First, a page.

Robert is here!
This was going to be about 4 miles, but we figured we could take it slowly. About a mile down the road (bear in mind we had already walked 2 miles down here earlier) a range rover stopped by us and asked if we were from the hostel, we confirmed that we were. She followed it with 'do you know how dangerous this road is, get in I'll give you a lift!' She lived next to the farm, and happened to be going our way. She told us that alligators quite often just wander across the road, never mind the snakes and other nasties we could come across. We felt a little foolish, very niaive, and extremely grateful as she dropped us on our doorstep!
That evening we went to a local pub with another guy from the hostel. It was a small place which had a pool table, $2 beers and played country music.
The lake on the Anhinga trail
I think all the other people there were locals, they certainly seemed to know each other, and consisted largely of older guys wearing cowboys hats, it was just like the films! The next day we went to the Everglades outpost, a small rescue centre which housed many unwanted pets from all over the region, including monkeys, black bears and a few tigers! The stories behind the animals were crazy, families wanting unusual pets, circus performers etc. On the way back, we stopped off at local landmark 'Robert is here', a huge exotic fruit stall started by 'Robert' as a small boy selling cucumbers on the side of the road!! We had one of their famed fruit milkshakes before finding making our way back to the hostel.
On our last day, we had decided we wanted to go back into the National Park, and not having cars we had no choice but to rent bikes from the hostel and get round that way.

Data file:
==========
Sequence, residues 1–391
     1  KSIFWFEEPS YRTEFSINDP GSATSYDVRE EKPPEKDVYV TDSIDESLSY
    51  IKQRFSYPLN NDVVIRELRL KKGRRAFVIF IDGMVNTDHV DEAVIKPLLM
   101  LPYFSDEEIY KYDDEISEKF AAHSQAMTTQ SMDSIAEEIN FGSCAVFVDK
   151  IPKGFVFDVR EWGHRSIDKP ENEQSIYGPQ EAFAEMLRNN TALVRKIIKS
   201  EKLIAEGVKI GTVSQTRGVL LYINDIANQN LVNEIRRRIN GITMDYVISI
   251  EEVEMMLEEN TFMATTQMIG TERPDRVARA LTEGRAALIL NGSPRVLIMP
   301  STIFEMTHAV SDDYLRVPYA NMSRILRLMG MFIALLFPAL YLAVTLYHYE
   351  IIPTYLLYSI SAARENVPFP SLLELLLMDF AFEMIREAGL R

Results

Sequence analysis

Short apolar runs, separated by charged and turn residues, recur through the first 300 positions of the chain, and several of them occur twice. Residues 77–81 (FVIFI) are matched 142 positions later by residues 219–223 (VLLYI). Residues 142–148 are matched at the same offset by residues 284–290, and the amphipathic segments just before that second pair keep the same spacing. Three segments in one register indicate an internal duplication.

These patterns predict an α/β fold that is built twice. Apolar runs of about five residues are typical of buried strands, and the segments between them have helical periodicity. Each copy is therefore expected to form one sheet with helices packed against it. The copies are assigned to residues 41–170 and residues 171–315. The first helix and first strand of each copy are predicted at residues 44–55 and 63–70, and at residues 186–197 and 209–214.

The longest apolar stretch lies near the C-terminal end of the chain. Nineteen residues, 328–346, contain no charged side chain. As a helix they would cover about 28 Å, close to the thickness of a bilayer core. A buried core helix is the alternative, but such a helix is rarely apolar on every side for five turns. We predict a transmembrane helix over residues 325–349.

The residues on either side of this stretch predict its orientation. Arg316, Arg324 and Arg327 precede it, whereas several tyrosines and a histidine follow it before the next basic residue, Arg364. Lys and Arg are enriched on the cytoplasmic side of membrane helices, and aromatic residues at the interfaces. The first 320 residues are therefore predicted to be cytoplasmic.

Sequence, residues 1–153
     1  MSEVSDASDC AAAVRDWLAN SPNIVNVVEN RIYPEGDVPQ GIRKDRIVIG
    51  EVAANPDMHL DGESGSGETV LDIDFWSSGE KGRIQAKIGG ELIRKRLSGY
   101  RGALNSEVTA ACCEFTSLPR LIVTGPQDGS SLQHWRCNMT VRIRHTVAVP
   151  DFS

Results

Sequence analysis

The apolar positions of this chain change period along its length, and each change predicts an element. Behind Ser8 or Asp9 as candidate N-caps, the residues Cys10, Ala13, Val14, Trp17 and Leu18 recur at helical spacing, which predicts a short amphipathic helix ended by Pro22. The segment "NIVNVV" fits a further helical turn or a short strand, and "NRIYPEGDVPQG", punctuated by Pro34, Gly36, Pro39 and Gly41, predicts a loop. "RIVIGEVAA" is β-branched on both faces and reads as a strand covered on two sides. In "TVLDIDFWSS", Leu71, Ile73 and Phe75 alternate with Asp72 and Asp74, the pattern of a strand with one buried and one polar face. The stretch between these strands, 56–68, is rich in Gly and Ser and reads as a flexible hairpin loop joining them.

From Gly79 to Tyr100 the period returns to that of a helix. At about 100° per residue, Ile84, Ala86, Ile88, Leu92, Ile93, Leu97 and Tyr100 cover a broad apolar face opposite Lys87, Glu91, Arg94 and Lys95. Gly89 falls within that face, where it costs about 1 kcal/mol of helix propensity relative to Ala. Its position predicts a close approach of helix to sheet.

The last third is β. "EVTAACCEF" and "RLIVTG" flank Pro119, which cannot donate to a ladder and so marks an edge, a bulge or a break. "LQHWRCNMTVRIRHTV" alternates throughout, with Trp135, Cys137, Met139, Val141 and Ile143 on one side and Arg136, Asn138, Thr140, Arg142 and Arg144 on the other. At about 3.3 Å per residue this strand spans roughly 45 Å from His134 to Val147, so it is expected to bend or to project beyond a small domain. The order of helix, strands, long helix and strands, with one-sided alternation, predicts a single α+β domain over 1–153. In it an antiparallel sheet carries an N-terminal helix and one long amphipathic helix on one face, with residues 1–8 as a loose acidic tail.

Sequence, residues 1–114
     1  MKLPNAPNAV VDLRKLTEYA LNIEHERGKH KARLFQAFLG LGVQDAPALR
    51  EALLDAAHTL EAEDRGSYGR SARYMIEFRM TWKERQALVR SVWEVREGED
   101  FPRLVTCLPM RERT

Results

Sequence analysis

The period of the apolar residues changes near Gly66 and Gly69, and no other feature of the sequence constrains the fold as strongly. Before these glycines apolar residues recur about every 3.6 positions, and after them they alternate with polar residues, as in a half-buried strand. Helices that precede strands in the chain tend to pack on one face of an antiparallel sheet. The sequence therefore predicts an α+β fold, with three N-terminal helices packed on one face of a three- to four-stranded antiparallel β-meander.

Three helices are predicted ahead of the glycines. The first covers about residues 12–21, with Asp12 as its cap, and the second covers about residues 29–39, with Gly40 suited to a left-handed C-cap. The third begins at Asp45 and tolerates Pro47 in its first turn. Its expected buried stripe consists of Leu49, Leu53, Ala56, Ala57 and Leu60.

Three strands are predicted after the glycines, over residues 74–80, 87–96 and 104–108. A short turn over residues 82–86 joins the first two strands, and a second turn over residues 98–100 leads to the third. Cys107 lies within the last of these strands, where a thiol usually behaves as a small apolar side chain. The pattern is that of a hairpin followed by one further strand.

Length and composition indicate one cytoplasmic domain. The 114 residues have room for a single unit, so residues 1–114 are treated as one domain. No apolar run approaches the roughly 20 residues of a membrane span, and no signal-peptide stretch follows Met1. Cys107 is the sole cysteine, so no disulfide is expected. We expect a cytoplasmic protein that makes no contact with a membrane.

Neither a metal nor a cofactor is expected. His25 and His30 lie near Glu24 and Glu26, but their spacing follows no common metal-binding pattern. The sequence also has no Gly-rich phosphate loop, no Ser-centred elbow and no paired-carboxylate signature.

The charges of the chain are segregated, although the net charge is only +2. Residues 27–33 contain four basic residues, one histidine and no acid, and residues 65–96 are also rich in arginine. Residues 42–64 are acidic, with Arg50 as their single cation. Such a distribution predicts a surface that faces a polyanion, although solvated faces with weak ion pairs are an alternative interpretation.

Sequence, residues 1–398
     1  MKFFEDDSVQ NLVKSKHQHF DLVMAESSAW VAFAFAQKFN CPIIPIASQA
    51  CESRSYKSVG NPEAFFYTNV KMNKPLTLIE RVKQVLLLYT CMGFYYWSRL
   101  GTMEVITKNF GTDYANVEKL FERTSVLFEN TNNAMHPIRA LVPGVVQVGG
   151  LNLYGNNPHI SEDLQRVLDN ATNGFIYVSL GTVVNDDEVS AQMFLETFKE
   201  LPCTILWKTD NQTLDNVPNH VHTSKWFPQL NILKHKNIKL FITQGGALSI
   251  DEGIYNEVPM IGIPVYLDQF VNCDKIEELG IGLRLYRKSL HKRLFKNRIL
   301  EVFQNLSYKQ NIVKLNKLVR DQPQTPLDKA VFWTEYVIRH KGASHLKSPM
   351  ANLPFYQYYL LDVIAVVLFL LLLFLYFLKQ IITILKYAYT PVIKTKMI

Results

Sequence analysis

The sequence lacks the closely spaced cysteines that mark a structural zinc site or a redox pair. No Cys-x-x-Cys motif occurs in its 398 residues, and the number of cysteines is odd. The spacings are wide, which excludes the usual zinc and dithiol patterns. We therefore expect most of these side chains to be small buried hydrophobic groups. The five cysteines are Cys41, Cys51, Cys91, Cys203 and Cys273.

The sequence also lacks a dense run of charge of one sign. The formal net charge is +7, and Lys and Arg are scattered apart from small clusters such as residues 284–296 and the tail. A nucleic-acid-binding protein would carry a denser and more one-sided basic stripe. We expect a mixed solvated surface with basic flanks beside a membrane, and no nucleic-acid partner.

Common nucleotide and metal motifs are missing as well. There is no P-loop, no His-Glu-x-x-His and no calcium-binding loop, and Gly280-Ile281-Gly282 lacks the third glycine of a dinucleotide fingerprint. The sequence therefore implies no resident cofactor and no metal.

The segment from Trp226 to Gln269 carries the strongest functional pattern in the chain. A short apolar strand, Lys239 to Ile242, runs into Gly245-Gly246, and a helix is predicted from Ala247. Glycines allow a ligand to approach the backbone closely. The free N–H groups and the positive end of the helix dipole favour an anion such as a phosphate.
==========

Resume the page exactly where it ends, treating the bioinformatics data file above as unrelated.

The swamp, spot the gators!
They dropped us off at the park entrance with a map and we headed off from there! We aimed to go to the same trail as we had been to on the first night as it was really pretty and there seemed to be lots of wildlife. It was about 4 miles cycle there, and was getting really warm so we stopped for a bit of a rest before walking along the Anhinga Trail. This trail is one of the more recognisable of the Everglades and consists of a number of wooden bridges across the river and a lake full of alligators. We also saw turtles, and some heron fishing for the huge fish we could also see. At first look, the whole area just looks like a huge meadow, like you could walk across if if you wanted. It isn't until you look down and see the water that you realise that it really is a sea of grass. It is the only eco system of it's type in the world, and a fantastic sight.
We tried to cycle to another part shown on our map as the 'hidden lake', but were not allowed access and ended up on a very hot isolated dirt track for another 2 miles! Once we had got back to where we wanted to be it was unbearably hot, Lisa's sunburn had come up in blisters AND she had ripped one of her contacts, so we got on our bikes for the 4 miles ride back to our drop off point where we phoned for a lift back. We passed many more animals on the way to and from the trail, mostly weird bugs, but also a flock of vultures! We arrived back at the hostel tired, hot, covered in mozzie bites and probably quite smelly, but once again quite pleased with ourselves!